Divine and Human Agency in Paul and His Cultural Environment
Gathercole, Simon and John M. G. Barclay, editors
London: T&T Clark, 2007 pp. x + 208. $156.00
Library of New Testament Studies, 335
Description: Since the work of E.P. Sanders, most modern approaches to this topic have been focused on social or sociological aspects of the issue (particularly in relation to Paul's mission to the Gentiles), but the last few years have seen an increasing willingness to open up questions seemingly 'settled' in the New Perspective, and a renewed desire to examine the structures of theology concerning grace and human action both in Paul and in his contemporary Judaism. It seems now worthwhile to examine to what extent there was an internal debate within Judaism about divine grace and its relation to human agency, and whether this debate could or did spawn various more or less radical solutions. The aim of this volume is to re-examine Paul within contemporary Jewish debate on this topic, attuned to the significant theological issues he raises without imposing upon him the frameworks developed in later Christian thought.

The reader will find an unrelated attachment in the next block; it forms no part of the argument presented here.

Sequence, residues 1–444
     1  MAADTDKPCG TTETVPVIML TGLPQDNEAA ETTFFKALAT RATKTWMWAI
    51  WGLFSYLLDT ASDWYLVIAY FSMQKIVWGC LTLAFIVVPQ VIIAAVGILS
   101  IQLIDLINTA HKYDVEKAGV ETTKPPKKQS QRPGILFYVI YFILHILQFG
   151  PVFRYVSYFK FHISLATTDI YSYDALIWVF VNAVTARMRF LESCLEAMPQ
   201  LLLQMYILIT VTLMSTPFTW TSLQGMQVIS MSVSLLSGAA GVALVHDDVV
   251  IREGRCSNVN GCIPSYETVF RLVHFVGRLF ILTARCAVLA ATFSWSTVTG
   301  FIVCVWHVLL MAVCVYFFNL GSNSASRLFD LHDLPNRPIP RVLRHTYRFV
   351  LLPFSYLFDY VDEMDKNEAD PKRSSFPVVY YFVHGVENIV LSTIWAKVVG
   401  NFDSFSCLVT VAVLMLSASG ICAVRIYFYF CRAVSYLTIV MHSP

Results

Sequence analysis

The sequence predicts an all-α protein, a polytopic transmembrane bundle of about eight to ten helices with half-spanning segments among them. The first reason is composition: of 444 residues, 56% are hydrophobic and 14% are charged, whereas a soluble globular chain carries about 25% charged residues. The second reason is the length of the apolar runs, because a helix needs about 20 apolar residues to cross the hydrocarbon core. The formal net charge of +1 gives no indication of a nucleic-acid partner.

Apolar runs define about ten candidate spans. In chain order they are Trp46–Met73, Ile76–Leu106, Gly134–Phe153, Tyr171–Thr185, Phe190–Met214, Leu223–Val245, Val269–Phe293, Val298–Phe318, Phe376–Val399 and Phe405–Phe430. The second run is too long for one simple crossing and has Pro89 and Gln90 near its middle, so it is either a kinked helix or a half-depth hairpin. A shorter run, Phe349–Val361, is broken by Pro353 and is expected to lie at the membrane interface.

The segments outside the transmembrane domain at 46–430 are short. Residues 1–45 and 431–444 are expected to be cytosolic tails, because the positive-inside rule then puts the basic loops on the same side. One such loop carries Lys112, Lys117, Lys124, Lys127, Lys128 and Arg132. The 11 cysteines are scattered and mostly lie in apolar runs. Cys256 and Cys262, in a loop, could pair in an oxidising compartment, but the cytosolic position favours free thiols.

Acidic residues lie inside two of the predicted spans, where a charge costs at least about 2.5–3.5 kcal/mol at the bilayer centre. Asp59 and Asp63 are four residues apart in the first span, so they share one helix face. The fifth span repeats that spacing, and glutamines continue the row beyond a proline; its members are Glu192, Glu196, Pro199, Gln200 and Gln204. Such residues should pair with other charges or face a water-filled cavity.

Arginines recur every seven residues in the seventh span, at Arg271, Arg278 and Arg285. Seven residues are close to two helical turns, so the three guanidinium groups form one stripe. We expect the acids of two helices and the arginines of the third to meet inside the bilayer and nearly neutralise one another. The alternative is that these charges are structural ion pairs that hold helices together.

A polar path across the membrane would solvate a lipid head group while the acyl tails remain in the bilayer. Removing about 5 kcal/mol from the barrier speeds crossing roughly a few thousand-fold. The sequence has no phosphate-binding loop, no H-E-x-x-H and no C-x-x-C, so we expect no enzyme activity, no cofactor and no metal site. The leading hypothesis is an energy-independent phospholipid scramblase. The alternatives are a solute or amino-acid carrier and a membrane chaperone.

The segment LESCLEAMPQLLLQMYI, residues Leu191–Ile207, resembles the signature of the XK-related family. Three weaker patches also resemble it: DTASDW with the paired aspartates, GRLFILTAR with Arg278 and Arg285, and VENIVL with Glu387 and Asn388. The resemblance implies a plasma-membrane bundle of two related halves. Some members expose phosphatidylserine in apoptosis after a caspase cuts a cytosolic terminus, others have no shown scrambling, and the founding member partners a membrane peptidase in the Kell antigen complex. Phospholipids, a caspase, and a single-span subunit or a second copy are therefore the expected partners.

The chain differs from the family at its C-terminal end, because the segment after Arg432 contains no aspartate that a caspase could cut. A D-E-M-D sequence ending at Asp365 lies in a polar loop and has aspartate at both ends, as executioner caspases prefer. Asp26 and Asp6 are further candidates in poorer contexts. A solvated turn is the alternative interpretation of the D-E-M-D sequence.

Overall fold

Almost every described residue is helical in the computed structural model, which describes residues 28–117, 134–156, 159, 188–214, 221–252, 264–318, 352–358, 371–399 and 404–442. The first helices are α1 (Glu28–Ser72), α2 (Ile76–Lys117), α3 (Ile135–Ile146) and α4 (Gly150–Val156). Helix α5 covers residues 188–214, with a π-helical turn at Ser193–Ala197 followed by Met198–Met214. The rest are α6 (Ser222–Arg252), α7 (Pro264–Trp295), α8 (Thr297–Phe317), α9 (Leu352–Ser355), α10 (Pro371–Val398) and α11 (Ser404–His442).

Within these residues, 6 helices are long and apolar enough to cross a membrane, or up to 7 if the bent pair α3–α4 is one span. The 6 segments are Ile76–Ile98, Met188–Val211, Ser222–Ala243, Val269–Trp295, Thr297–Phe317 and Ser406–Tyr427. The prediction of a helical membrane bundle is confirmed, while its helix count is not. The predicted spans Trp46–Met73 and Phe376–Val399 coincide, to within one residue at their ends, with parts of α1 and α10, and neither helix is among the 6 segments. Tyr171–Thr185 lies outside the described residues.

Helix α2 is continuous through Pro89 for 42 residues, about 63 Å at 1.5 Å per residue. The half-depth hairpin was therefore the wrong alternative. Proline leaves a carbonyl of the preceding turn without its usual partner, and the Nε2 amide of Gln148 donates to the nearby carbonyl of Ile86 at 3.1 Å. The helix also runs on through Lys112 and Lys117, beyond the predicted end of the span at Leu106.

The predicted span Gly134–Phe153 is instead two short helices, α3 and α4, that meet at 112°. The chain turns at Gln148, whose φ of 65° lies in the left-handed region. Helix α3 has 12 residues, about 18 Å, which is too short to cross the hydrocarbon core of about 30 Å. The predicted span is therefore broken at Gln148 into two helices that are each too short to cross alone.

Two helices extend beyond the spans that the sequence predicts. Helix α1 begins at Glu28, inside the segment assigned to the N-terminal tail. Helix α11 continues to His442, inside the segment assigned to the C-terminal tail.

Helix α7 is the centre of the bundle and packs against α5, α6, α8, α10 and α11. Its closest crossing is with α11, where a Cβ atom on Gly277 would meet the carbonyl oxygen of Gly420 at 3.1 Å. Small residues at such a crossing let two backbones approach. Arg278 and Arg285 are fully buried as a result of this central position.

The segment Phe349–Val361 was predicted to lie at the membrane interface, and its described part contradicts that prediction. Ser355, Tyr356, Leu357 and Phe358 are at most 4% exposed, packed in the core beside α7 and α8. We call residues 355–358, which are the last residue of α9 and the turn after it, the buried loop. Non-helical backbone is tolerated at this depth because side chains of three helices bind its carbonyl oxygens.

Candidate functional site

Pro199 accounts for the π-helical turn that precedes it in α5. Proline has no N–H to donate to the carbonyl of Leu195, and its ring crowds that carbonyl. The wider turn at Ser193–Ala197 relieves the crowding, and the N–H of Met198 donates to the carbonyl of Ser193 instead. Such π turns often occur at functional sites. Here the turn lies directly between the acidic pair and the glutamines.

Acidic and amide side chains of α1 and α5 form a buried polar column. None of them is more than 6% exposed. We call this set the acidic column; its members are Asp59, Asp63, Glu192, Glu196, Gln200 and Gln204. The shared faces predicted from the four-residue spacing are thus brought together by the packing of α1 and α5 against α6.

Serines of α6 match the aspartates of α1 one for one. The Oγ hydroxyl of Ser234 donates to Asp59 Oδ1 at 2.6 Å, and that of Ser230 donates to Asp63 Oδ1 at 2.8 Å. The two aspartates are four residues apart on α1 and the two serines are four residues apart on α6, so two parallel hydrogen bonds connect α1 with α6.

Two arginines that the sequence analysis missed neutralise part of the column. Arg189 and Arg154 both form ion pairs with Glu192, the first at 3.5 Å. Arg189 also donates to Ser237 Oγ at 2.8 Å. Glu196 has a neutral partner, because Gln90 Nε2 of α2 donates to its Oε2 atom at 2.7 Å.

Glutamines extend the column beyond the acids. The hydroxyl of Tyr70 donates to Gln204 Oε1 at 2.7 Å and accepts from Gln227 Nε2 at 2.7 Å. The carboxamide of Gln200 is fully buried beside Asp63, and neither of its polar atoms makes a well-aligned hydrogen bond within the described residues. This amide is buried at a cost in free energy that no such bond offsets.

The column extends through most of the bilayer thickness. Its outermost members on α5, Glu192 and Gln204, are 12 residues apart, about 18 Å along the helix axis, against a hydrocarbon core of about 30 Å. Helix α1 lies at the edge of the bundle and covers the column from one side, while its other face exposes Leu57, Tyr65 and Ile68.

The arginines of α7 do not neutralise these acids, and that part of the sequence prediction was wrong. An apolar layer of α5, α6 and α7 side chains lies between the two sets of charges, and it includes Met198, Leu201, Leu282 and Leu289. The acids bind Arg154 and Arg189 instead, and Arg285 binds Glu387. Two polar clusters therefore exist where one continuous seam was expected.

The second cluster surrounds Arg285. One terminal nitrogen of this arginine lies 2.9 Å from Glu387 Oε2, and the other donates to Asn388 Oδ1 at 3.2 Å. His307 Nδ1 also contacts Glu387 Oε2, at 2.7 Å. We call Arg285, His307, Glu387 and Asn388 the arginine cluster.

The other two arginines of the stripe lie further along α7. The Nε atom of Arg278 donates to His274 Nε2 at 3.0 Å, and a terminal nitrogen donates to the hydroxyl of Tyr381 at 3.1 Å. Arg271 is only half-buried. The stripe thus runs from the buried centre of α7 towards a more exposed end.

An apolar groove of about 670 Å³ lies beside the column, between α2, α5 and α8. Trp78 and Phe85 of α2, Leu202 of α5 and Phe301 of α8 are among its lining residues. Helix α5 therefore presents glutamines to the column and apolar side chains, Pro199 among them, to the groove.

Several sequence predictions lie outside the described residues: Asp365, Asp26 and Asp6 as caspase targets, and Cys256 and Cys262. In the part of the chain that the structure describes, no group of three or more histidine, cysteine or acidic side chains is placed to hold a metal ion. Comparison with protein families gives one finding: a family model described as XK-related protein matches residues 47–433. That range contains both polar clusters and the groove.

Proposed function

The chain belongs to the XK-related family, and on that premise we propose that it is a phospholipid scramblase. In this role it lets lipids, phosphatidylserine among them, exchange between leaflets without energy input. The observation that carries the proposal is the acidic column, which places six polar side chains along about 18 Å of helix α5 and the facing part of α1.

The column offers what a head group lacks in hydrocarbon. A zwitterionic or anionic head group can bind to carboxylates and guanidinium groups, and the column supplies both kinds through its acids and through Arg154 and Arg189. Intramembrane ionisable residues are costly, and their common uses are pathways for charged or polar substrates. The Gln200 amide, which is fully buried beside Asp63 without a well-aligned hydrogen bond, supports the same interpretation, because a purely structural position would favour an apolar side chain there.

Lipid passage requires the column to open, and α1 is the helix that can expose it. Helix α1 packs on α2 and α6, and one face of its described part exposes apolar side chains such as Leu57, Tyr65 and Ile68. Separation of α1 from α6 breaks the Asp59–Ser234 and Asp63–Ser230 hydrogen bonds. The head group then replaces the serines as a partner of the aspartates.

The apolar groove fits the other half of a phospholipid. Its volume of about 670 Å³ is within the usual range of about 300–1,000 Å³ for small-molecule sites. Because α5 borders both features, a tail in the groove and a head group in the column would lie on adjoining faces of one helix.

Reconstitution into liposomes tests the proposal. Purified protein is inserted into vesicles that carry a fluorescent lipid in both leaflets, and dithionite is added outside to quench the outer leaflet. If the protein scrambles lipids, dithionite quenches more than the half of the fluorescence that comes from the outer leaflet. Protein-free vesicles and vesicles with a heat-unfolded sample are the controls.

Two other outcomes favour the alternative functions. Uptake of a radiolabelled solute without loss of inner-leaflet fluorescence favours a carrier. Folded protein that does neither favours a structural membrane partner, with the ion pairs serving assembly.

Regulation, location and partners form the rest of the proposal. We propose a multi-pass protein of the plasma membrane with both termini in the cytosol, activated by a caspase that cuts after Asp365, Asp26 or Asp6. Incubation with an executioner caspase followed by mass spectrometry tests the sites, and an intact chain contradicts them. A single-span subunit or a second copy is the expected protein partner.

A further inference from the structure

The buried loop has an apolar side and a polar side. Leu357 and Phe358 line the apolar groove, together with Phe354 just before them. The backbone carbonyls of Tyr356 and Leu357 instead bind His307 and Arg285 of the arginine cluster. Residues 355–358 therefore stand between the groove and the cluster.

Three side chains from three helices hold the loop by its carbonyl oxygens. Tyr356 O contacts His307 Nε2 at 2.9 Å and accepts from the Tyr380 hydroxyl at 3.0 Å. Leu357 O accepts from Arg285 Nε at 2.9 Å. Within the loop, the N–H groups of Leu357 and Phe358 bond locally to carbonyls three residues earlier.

Subjects: Bible, New Testament, Pauline Epistles, Literature
Review by Stephan Joubert
Citation: Stephan Joubert, review of John M. G. Barclay and Simon Gathercole, eds., Divine and Human Agency in Paul and His Cultural Environment, Review of Biblical Literature [http://www.bookreviews.org] (2009).
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